It wasn't long ago that the Canadian energy space was one of the most promising markets for investors. Between November 2000 and June 2008, the S&P/TSX Capped Energy Index climbed by 387 percent.
Things started changing when the U.S. struck black gold in North Dakota in 2008 and began producing more of its own oil. Investors — even Canadian ones — began looking for fast-growing buys south of the 49th parallel.
There are other reasons for Canada's sluggish growth, including a large price differential between Western Canadian oil and West Texas Intermediate crude (WTI). While there's always a bit of a gap between the two prices, in the fall of 2012, Canadian oil was $40 cheaper than WTI. That was unusually wide, said Pelletier, and it hurt a number of companies.
Read MoreStock with accelerated dividend growth potential
Most experts blame the gap on poor energy infrastructure — it's becoming increasingly more difficult to ship oil from Canada to the U.S. Gulf Coast, and that's causing a backup in supply. While some companies are now shipping oil by rail, many people think that if Keystone XL can get approved, the supply problem will be resolved.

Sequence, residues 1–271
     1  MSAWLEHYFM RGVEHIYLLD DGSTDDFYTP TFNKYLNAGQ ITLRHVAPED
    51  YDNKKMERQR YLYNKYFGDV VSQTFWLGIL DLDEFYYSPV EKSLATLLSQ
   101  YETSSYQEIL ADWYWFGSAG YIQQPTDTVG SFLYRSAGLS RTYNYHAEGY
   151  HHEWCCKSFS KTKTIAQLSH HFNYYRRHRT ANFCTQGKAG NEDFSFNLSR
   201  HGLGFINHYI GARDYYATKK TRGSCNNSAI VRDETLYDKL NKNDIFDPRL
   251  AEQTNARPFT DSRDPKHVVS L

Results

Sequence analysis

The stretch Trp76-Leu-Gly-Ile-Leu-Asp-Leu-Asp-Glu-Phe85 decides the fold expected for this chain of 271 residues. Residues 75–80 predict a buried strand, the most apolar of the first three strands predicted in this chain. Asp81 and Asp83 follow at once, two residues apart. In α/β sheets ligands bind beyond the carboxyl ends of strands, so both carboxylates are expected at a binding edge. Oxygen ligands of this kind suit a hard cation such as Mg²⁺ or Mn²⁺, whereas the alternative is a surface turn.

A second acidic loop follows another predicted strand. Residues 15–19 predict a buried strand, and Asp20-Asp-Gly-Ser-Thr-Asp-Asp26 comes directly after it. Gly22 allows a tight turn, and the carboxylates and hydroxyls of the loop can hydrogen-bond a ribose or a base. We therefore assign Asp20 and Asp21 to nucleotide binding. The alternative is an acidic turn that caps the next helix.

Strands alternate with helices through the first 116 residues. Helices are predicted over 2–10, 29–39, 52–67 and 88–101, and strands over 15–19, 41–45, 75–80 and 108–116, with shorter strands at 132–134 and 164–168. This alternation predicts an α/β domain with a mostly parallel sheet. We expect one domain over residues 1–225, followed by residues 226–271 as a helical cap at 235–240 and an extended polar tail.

"[The lack of infrastructure] has been a big factor, and it may be again," said Les Stelmach, a fund manager with Franklin Templeton Investments, a global investment firm. "It's impacted the ability of Canadian oil-and-gas producers to get oil to market, and that adds to the uncertainty."
Investors have also been dismayed by the Canadian government's hesitations around oil-patch buyouts. In July 2012, China's CNOOC (NYSE: CEO) made a bid to buy Calgary's Nexen for $15 billion, but no one was sure if the federal government would approve the purchase. It did, but Prime Minister Stephen Harper made it clear that the country's biggest energy players, which control much of the country's natural resources, weren't for sale.
"That's one of the reasons why Canadian energy valuations got eroded by a [couple of] multiple points," said Craig Basinger, chief investment officer at Richardson GMP, a Toronto-based investment firm. "All of a sudden, a potential buyer is allowed to do a joint venture and that's it."